floor of a Scythian chieftain's tomb at Noin-Ula, southwest of bake Baikal
in Russia. It was discovered by a Russian scientific expedition to the
region from 1924 to 1926 and is now in the collection of the Leningrad
branch of the Institute of Archeology of the Academy of Sciences in the
USSR. The Russians date is as being made sometime between 100 BC and AD 200.
22. The decorative quilted motifs on this ancient carpet -the varied
patterns and lively animal appliques - were the Sythian equivalent of the
rich patterns of Persia or China, but they also link this ancient piece to a
modern whole cloth quilt. There is the familiar crosshatching on the
borders, and contour-quilting fills the bodies of the fighting animals. p.3
22. A quilted slipper discarded in a rubbish dump of a fort occupied by a
Tibetan garrison sometime during the 8th century AD on that part of the Silk
Road to the north of the Takiamakan Desert near the present Sino-Russian
border. The top of the slipper was clearly cut from something else because
of the way the pattern is severed at the ankle, perhaps a quilted coat. p.4
22.The hip-length quilted coat worn by the medieval foot soldier was called
a "jack" and was the ancestor of our modern jacket, and also, incidentally,
of the bullet-proof vest, for plates of horn or metal were inserted in the
quilted channels. p.5
23.Quilted armor probably inspired the use of quilted bedcovers. 14th
century - drastic change of weather patterns - quilted bedcovers became a
way of life. First quilting frames were invented, and anything that would
add warmth to the bedcovers made on them was employed for padding; moss,
feathers and even grass were used as well as lamb's wool. Quilted clothing
for everyday use appeared about this time. Evidence exists that quilted
garments were worn at least as early as the beginning of the 15th century.
23. As quilting came to be used for clothing and household articles, it was
seen that the stitching made a kind of surface decoration, and quilting
stitches were soon designed to be more decorative. Scrolls and ornamental
motifs were stitched on caps and gloves and shoes as well as on bedcovers,
and by the end of the fourteenth century, bedcovers - or quilts - were being
decorated with elaborate stitched design depicting knights and kings and
castles, as well as horses, ships and flowers. p.11
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3. Fairfield, Helen. Patchwork From Mosaics: Patchwork From the Stones of
Venice. New York. Arcs Publishing, Inc. 1986.
4. Hake, Elizabeth. English Quilting Old and New. New York: Charles
Schribner's Sons. 1937.
5. Morgan, Mary and Mostelier, Dee. Trapunto and Other Forms of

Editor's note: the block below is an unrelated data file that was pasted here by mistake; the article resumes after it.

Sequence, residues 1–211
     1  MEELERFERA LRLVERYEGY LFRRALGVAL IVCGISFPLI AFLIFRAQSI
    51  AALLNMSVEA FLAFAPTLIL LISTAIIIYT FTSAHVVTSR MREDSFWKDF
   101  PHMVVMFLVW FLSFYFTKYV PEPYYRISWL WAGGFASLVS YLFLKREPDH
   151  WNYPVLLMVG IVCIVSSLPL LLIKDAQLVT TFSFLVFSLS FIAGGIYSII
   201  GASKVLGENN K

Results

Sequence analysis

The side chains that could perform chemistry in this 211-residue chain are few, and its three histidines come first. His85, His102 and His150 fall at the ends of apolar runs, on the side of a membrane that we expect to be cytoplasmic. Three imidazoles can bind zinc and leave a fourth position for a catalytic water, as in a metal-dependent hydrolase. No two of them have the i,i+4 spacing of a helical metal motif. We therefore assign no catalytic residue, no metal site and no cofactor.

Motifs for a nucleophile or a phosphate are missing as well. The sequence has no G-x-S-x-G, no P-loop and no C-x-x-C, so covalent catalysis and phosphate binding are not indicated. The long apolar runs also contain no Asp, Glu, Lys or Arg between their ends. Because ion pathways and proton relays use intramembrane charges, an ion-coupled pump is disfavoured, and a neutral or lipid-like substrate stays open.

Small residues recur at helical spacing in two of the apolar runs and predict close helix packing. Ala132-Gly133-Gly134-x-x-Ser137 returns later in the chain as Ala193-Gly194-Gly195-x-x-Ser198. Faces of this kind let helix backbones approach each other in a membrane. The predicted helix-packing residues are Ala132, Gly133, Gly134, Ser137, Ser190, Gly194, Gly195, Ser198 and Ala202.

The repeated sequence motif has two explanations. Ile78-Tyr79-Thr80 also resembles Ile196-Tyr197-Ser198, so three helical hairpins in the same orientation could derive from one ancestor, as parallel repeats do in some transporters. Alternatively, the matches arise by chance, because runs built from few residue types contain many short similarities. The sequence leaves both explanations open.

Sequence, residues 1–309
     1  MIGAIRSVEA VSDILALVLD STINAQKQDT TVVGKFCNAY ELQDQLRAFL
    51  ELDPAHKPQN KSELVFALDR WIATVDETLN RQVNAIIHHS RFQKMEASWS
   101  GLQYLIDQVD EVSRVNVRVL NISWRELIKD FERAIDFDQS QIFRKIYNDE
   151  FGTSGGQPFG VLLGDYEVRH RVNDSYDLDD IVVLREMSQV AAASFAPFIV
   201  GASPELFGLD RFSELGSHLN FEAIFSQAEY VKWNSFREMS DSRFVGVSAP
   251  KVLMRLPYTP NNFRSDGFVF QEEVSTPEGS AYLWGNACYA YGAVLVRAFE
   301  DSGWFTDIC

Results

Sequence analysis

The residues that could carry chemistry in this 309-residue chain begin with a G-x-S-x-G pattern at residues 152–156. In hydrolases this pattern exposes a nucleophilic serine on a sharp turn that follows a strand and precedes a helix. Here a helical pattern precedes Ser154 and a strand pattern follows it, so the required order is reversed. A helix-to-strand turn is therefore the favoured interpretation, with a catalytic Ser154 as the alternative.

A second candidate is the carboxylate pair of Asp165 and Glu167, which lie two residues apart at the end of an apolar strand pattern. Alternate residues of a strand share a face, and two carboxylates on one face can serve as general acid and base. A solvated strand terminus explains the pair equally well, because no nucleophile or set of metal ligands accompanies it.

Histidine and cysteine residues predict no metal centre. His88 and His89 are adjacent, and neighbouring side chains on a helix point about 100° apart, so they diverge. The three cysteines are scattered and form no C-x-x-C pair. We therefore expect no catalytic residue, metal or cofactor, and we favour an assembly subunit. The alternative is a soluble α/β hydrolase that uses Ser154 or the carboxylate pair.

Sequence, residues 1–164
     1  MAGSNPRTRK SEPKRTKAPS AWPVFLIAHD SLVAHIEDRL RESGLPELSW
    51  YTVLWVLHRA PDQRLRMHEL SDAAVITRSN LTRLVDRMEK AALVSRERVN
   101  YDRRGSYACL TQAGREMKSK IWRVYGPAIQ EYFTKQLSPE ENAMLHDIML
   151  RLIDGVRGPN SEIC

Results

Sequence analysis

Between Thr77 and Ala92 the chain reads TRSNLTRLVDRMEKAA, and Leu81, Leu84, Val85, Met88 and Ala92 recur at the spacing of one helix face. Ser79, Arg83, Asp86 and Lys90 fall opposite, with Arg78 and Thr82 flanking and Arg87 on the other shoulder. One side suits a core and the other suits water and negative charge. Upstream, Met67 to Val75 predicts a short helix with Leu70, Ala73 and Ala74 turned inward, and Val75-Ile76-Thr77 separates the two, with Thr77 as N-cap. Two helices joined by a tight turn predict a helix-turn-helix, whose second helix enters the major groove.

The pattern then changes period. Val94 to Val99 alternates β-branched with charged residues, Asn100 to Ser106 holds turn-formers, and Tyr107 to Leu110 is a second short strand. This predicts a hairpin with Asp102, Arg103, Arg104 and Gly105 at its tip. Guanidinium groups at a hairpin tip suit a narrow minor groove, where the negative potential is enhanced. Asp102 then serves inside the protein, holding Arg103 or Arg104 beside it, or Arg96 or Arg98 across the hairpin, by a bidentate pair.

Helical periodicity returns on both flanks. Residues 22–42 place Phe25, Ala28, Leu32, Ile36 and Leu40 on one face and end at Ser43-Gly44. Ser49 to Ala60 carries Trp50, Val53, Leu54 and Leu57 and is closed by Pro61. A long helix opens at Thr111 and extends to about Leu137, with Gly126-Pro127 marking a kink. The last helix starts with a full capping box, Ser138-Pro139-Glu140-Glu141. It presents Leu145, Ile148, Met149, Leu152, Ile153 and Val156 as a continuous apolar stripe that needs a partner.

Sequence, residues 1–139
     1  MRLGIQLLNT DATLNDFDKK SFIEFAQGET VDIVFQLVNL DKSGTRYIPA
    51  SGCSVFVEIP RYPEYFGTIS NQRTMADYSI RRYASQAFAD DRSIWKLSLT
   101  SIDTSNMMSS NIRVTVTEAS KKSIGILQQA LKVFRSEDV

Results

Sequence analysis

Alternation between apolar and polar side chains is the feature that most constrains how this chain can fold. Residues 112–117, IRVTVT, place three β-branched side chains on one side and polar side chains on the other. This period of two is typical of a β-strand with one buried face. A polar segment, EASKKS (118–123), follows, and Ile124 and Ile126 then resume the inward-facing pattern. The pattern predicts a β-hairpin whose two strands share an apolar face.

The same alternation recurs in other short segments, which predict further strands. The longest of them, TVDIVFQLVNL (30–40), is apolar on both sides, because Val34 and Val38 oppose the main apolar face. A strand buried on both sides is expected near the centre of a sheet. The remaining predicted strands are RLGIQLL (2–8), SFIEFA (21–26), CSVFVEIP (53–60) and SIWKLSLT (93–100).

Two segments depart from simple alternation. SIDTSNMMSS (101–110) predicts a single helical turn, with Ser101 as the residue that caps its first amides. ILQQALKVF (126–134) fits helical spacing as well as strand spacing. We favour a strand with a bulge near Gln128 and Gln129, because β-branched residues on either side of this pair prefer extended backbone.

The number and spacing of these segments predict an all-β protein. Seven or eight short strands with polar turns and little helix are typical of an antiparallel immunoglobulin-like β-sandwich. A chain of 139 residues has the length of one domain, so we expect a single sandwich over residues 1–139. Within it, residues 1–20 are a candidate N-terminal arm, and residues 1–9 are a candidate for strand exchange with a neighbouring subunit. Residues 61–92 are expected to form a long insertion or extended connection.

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6. Fitzrandloph, Mavis. Traditional Quilting It's Story and Practice.
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7. Notes on Quilting, London: Victoria and Albert Museum. 1942.
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E.P. Dutton, 1912.
12 b. Addison, *julia de Wolf. Arts and Crafts in the Middle Ages. London:
5. Bell, 1908.
13. Soltow, Willow Ann. Quilting the World Over. Radnor, PA:Chilton Book
14. Bacon, Lenice I. American patchwork quilts. New York: William Morrow and
Co., Inc., 1973.
15. Colby Averil. Patchwork, New York: Charles Scribner's Sons,
17. Colby Averil. Patchwork Quilts, New York: Charles Scribner' a Sons,
18. Davenport, Millia. The Book of Costume. New York: Crown
19.Gostelow, Nary. Embroidery: Tradition designs, techniques and patterns
from all over the world New York: ARCO Publishing, Inc., 1983.
20. Kotker, Norman, ed. The Horizon Book of the Middle Ages. New
York:American Heritage/Bonanza Books, 1968.
22. Liddell, dill and Watanabe, Yuko. Japanese Quilts. New York, P.P.
23. MoCalls, Needlework and Crafts Magazine. Mccall's Mccall's Big Book of
Needlework and Quilts. Radnor, PA: Chilton Book Company, 1984.
24. Norris, Herbert. Costume and Fashion. Volume I, Chapter K,
"From Earlist Times to 78 AD" New York, E.P. Dutton and Do,Inc., 1924-1938.
25 Osler, Dorothy. Traditional British Quilts. London: B.T. Batsford Ltd.,
26. Staniland, Kay. Medieval Craftsmen; Embroiderers. Toronto, Buffalo
University of Toronto Press, 1991.
27. Symonds, Mary and Preece, Louisa. Needlework Through the Ages. London:
Fodder and Stoughton, Ltd., 1928.
Copyright 1998 by Lady Bianca Rose Byrnes. <bianca at alaskalife.net>
Permission is granted for republication in SCA-related publications, provided
the author is credited and receives a copy.
If this article is reprinted in a publication, I would appreciate a notice in
the publication that you found this article in the Florilegium. I would also
appreciate an email to myself, so that I can track which articles are being
reprinted. Thanks. -Stefan.